MEI² Scientists Named Highly Cited Researchers in 2019

MEI² Scientists Named Highly Cited Researchers in 2019

MEI² Scientists Named Highly Cited Researchers in 2019


Two of the Maryland Energy Innovation Institute’s (MEI2) research scientists were recently identified by the Web of Science Group in their list of the world’s most influential researchers in 2019. Dr. Liangbing Hu, Minta Martin Professor of Materials Science and Engineering and Dr. Chunsheng Wang, Professor of Chemical and Biomolecular Engineering and Materials Science, and Wright Distinguished Chair, were both recognized in the area of Materials Science.

Each year the Web of Science Group recognizes the select few who have been most frequently cited by their peers over the last decade. In 2019, 6,216 or 0.1% of the world’s researchers across 21 fields earned this distinction. Paper surveyed include those published and cited during 2008-2018, and which at the end of 2018 ranked in the top 1% by citation per field. Hu and Wang were both acknowledged for their work in Materials Science. According to the Web of Science Group, these researchers “have contributed disproportionately to extending the frontiers of knowledge and gaining for society innovations that make the world healthier, richer, more sustainable, and more secure.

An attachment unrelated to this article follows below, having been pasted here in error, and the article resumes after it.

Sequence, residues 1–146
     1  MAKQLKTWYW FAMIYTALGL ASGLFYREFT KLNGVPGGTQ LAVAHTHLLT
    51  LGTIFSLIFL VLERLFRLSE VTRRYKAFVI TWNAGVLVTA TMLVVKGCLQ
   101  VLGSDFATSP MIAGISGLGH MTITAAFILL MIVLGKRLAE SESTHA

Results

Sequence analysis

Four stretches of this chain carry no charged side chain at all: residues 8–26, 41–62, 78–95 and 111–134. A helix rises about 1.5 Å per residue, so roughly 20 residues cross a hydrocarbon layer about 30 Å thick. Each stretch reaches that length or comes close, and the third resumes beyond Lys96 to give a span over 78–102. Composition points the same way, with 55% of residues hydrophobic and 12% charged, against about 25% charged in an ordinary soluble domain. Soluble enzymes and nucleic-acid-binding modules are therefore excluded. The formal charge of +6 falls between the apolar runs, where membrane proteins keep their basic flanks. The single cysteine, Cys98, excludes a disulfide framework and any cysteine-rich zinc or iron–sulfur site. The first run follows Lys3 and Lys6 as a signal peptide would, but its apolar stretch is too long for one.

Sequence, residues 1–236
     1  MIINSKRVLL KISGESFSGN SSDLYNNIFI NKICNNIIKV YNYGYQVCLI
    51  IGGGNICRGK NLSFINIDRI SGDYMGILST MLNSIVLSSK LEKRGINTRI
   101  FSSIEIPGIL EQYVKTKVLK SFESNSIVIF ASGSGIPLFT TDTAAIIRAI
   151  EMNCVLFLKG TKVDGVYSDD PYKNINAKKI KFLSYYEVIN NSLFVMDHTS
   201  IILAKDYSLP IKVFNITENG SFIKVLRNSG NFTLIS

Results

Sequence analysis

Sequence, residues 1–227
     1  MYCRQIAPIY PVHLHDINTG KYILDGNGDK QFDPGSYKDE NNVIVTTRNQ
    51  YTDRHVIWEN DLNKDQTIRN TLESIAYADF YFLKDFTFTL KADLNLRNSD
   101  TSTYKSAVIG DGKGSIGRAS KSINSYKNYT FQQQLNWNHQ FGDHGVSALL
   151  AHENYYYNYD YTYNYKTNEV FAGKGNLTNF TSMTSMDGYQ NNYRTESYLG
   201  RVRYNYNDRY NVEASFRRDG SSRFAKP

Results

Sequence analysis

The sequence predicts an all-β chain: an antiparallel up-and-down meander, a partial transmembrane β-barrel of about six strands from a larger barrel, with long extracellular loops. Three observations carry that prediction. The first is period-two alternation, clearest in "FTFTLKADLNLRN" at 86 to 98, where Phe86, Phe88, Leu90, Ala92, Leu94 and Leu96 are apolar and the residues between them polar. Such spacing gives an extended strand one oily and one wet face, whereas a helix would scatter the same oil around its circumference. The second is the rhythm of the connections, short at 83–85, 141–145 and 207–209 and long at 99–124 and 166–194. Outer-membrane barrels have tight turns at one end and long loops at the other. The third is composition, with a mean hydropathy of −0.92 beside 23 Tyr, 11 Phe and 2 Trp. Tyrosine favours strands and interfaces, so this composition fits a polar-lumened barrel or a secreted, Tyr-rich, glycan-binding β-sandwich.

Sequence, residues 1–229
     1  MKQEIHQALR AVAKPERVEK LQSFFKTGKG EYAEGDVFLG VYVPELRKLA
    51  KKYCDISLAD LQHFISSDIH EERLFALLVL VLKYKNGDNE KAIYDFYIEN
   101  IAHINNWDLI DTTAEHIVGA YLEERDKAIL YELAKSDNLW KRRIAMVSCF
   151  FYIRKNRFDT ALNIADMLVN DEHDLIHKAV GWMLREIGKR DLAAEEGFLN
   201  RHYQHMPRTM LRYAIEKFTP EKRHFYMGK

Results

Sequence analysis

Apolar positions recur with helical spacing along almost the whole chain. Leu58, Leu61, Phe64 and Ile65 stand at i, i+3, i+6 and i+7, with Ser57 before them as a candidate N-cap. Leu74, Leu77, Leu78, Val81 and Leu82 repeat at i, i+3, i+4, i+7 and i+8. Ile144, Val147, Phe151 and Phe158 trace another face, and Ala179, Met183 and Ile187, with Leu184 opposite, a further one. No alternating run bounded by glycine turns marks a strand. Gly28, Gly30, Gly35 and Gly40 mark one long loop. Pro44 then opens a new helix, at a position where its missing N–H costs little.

For this period, Hu has 329 publications and was cited 33,174 times. His most highly cited papers include: “Stable cycling of double-walled silicon nanotube battery anodes through solid-electrolyte interphase control”, published in Nature Nanotechnology  in 2012 (1491 citations) and “Emerging Transparent Electrodes Based on Thin Films of Carbon Nanotubes, Graphene, and Metallic Nanostructures”, published in Advanced Materials  on February 15, 2011 (1376 citations). 

Wang has 231 publications and was cited 18,210 times during this past decade. His most cited papers were: “Nano- and bulk-silicon-based insertion anodes for lithium-ion secondary cells, published in Journal of Power Sources (1698 citations) and “Sulfur-Impregnated Disordered Carbon Nanotubes Cathode for Lithium–Sulfur Batteries”, published in Nano Letters  on October 12, 2011.

The Maryland Energy Innovation Institute brings together science, industry, government and economic leaders to develop new energy technologies and facilitate the transfer of technology ideas into a reality. For more information, please visit: energy.umd.edu

November 20, 2019


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